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Many chromosomal genes have now been shown to be involved in different stages of biofilm development. By contrast, the contribution of the extra-chromosomal plasmid gene pool (representing as much as 10-20 % of total bacterial DNA) to biofilm biology is poorly understood. As a consequence, with the exception of biotechnology application and antibiotic resistance spread, the role of plasmids in bacterial ecology has been largely overlooked.

Role of natural conjugative plasmids in bacterial biofilm formation

We and others have shown that conjugative plasmids contribute directly to the capacity of E. coli to form a biofilm through the expression of conjugative pili (Reisner et al., 2003). We demonstrated that this properties is linked to the expression of the F pilus expressed by cells harboring the F factor and a further analysis showed that this capacity is not restricted to the F factor but, rather, is a general feature of Gram-negative bacterial conjugative plasmids. This work suggests that conjugative plasmids express adhesion factors that drive their host cells into biofilms where horizontal transfer of genetic material of diverse origins can be exchange at high rates through conjugation.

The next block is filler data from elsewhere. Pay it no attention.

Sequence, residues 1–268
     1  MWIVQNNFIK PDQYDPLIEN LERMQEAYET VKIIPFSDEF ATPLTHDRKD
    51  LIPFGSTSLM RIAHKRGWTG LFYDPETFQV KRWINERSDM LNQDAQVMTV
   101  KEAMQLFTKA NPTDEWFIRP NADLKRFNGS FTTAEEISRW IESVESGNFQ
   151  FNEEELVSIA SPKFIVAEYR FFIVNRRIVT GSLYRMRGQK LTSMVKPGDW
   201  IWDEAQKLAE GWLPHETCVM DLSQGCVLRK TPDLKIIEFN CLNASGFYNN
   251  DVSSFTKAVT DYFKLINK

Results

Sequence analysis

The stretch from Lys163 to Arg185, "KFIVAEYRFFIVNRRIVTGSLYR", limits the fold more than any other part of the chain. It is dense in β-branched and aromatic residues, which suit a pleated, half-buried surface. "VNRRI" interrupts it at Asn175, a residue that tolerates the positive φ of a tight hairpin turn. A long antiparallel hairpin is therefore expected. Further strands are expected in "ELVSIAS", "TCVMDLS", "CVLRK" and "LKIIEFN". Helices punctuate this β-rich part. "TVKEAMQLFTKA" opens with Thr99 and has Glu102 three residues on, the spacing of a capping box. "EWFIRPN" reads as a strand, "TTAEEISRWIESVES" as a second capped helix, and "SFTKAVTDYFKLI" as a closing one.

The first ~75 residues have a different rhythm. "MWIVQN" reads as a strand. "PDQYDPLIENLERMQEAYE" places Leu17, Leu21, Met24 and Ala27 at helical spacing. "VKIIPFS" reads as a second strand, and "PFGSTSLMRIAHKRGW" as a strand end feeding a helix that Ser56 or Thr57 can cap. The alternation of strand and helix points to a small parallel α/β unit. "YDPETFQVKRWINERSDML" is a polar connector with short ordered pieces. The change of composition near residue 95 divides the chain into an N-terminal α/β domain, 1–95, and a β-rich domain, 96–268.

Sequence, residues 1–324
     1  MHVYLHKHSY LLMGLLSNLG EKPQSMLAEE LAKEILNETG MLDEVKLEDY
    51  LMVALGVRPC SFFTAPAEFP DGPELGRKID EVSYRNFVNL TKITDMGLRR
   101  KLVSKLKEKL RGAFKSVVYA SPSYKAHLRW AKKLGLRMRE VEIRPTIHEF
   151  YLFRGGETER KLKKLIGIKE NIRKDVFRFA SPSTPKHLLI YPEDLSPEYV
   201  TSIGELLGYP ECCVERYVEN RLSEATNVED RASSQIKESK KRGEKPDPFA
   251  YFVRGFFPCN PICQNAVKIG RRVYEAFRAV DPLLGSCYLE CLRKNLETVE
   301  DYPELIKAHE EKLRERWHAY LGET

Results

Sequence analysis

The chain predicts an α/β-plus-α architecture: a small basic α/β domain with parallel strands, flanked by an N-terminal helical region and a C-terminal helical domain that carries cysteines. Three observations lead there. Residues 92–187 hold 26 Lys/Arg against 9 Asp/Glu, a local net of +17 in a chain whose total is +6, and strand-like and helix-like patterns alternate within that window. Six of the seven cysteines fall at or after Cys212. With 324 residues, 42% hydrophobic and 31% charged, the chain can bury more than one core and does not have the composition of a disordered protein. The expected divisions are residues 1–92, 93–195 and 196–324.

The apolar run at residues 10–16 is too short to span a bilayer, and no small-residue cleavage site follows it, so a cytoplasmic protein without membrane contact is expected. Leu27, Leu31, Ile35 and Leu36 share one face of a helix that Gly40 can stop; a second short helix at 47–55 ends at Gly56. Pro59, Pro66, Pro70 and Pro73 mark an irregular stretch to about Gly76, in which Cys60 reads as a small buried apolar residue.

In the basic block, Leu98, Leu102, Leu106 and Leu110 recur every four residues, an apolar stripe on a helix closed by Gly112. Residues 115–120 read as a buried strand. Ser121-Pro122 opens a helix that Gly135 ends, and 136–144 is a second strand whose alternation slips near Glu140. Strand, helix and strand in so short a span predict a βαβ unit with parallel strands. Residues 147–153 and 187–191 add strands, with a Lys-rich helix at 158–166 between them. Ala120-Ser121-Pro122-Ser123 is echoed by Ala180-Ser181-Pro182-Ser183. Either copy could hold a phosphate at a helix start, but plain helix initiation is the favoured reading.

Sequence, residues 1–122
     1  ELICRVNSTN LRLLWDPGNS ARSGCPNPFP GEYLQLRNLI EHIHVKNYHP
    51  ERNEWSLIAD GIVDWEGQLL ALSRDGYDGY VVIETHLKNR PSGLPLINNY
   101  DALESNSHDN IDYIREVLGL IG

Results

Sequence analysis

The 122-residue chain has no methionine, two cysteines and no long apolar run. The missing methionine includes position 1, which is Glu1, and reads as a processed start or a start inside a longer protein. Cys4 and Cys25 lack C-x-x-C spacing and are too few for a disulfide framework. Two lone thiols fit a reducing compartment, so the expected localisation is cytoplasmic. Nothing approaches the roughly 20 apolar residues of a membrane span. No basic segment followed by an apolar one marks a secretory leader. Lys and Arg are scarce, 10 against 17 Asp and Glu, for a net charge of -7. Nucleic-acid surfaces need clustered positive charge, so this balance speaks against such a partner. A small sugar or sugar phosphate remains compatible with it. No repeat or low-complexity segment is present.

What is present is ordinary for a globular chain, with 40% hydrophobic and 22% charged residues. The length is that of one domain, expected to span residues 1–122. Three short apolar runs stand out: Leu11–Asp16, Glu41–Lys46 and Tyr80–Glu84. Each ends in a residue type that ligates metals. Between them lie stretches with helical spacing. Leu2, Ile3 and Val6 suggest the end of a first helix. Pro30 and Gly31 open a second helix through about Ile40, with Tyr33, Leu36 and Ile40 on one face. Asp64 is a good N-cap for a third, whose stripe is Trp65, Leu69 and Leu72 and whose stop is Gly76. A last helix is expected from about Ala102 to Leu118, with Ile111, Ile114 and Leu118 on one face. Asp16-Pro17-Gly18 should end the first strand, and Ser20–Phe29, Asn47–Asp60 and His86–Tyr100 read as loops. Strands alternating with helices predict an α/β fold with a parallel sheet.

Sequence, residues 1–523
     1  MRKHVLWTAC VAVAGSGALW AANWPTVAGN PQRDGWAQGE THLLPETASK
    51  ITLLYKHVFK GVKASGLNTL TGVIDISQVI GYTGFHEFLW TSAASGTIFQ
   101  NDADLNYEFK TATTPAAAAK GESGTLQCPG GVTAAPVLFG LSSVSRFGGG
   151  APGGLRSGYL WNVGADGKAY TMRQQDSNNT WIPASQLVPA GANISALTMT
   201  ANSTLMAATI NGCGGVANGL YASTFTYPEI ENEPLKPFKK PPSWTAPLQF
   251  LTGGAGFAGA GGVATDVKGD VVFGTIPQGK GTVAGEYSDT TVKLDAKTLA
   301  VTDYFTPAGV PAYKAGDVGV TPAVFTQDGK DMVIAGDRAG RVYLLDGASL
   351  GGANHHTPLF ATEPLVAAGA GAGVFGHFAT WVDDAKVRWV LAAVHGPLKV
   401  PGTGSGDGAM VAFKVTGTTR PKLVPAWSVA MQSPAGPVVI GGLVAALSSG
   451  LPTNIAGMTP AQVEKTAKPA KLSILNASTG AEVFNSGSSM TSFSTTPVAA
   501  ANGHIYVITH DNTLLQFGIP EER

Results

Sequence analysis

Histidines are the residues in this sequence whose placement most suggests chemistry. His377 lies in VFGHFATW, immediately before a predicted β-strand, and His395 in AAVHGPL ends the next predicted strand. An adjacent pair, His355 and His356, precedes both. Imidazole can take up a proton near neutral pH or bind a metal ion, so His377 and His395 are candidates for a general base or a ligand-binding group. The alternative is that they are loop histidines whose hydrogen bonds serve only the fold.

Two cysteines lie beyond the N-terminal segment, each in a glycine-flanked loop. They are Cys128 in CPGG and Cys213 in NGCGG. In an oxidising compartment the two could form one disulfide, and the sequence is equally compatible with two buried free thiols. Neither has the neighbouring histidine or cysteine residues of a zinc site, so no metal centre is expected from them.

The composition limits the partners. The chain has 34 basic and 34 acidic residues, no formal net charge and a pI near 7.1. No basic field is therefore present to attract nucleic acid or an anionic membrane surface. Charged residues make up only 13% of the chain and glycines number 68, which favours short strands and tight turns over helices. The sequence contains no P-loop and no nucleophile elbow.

Ghigo, J.M. (2001). “Natural conjugative plasmids induce bacterial biofilm development.” Nature 412(6845): 442-5.

Caracterization of plasmid-borne aggregative adherence factors in an atypical Enteroaggregative Escherichia coli strain.

E. G. Dudley, C. Abe, J. M. Ghigo, P. Latour-Lambert, J. C. Hormazabal and J. P. Nataro. (2006) An IncI1 Plasmid Contributes to the Adherence of the Atypical Enteroaggregative Escherichia coli Strain C1096 to Cultured Cells and Abiotic Surfaces Infect Immun.74:2102-14.